American National Standards Institute (ANSI) ANSI C19.3, General ANSI C19.4, Enclosures ANSI C19.5, Switching or Controlling Devices ANSI C19.6, Control Circuit Devices and Assemblies ANSI C19.7, Controllers and Controller Assemblies ANSI/NFPA: 493, Standards for Intrinsically Safe Apparatus and Associated Apparatus in Groups I, II and III, Div. 2, Hazardous Locations ANSI/NFPA: 496, Purged and Pressurized Enclosures for Electrical Equipment ANSI/NFPA: 497 A, Recommended Practice for Classification of Class I Hazardous (Classified) Locations for Electrical Installations in Chemical Plants ANSI N413, Guidelines for Documentation of Digital Computer Programs ANSI Y14.15, Y14.15a, Y14.15b, Electrical and Electronic Diagrams, Graphic Symbols ANSI/IEEE:STD 100, Electrical and Electronic Terms, Dictionary of ANSI/IEEE:STD 91, Graphic Symbols for Logic Diagrams ANSI/NFPA: 70-90, National Electrical Code ANSI C2, National Electrical Safety Code ANSI MH 10.1, MH 10.2, Transport Package Sizes ANSI/NFPA: 75, Electronic Computer/Data Processing Equipment ANSI/IEEE: Std. 567, IEEE Trial Use Standard Criteria for the Design of the Control Room Complex for a Nuclear Power Generating Station ANSI/IEEE: P566, D1.1, Proposed Standard for the Design of Display and Control Facilities for Main Control Room of Nuclear Power Generating Stations American Petroleum Institute (API) API: RP 500A, B, and C, Classifications API: RP 550, Part I, Process Instrumentation and Control API: RP 550, Part II, Process Stream Analyzers API: RP 550, Part III, Fired Heaters and Inert Gas Generators API: RP 550, Part IV, Steam Generators API: RP 14F, Recommended Practice for Design and Installation of Electrical Systems for Offshore Production Platforms

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ISA ANSI/ISA-S5.1, Instrumentation Symbols and Identification ANSI/ISA-S5.2, Binary Logic Diagrams for Process Operations ANSI/ISA-S5.4, Instrument Loop Diagrams ANSI/ISA-RP7.1, Pneumatic Control Circuit Pressure Test ANSI/ISA-RP12.6, Installation of Intrinsically Safe Systems for Hazardous (Classified) Locations ISA-SI2.13, Part I, Performance Requirements, Combustible Gas Detectors ISA-S12.13, Part II, Installation, Operation, and Maintenance of Combustible Gas Detection Instruments ISA-Sl2.15, Part I, Performance Requirements for Hydrogen Sulfide Detection Instruments (10100 ppm) ISA-S12.15, Part II, Installation, Operation, and Maintenance of Hydrogen Sulfide Detection Instruments ANSI/ISA-S20, Specification Forms for Process Measurement and Control Instruments, Primary Elements and Control Valves ANSI/ISA-RP42.1, Nomenclature for Instrument Tube Fittings ANSI/ISA-S50.1, Compatibility of Analog Signals for Electronic Industrial Process Instruments ANSI/ISA-S51.1, Process Instrumentation Terminology ISA-S71.04, Environmental Conditions for Process Measurement and Control Systems: Airborne Contaminants National Electrical Manufacturers Association (NEMA) ANSI/NEMA: ICS 6, Enclosures for Industrial Controls and Systems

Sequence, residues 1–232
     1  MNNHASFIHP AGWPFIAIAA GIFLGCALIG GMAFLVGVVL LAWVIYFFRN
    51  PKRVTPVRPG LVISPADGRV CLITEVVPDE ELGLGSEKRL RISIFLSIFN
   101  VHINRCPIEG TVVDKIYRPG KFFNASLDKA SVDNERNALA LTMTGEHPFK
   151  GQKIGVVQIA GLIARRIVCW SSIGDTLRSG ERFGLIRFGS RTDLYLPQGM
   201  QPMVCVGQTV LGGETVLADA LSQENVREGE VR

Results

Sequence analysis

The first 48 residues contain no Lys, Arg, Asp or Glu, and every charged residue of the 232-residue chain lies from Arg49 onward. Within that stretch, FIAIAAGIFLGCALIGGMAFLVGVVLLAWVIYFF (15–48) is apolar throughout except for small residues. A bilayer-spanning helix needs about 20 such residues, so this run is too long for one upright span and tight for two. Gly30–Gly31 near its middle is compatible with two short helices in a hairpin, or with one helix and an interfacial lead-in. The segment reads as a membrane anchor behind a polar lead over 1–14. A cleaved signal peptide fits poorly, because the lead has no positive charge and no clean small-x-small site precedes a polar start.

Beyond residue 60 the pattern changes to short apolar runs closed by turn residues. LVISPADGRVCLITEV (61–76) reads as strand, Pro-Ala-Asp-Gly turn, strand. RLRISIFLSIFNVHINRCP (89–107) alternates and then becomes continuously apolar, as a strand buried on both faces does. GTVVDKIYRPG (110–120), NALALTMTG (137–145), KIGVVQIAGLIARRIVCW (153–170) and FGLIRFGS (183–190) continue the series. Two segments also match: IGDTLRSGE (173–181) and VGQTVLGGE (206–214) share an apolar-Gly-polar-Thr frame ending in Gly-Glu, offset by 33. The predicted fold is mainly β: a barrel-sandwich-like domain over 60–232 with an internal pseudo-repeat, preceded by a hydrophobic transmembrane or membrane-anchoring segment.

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Appendix B Typical instrument and equipment list


ABC Incorporated Instrument Summary Routine B
INST. TAG NUMBER SPEC NUMBER PON MODEL NO PLAN DRAWING LOOP DRAWING PDET SDET PROCESS LINE NO LINE CLASS

FC - 404 FE - 404 FI - 404 FIC - 404 FR - 404 FT - 404 FV - 404 FY - 404 - 1 FY - 404 - 2 FY - 404 - 3

001.13 -20.0 001.13 -02.0 001.13 -25.0 001.13 -20.0 001.13 -20.0 001.13 -25.0 001.13 -01.0 001.13 -20.0 001.13 -20.0 001.13 -24.3

001 015 004 001 001 004 005 001 001 001

2462 SS

001.13 -271C

210M 230 SM 220S-2R6 1151DP 667 ES 2AI+I3V 2AO-V3I 69TA-II

001.13 -703O

001.13 -271C 001.13 -271C 001.13 -271C

907M

001.13 -703O 001.13 -803O

001.13 -271C 001.13 -271C 001.13 -271C 001.13 -271C

904A 905A

907M

4102 4102

-3J1 -3J1

001.13 -803O

001.13 -271C

FE - 405 FR - 405 FT - 405

001.13 -02.0 001.13 -20.0 001.13 -25.0 001.13 -20.0 001.13 -20.0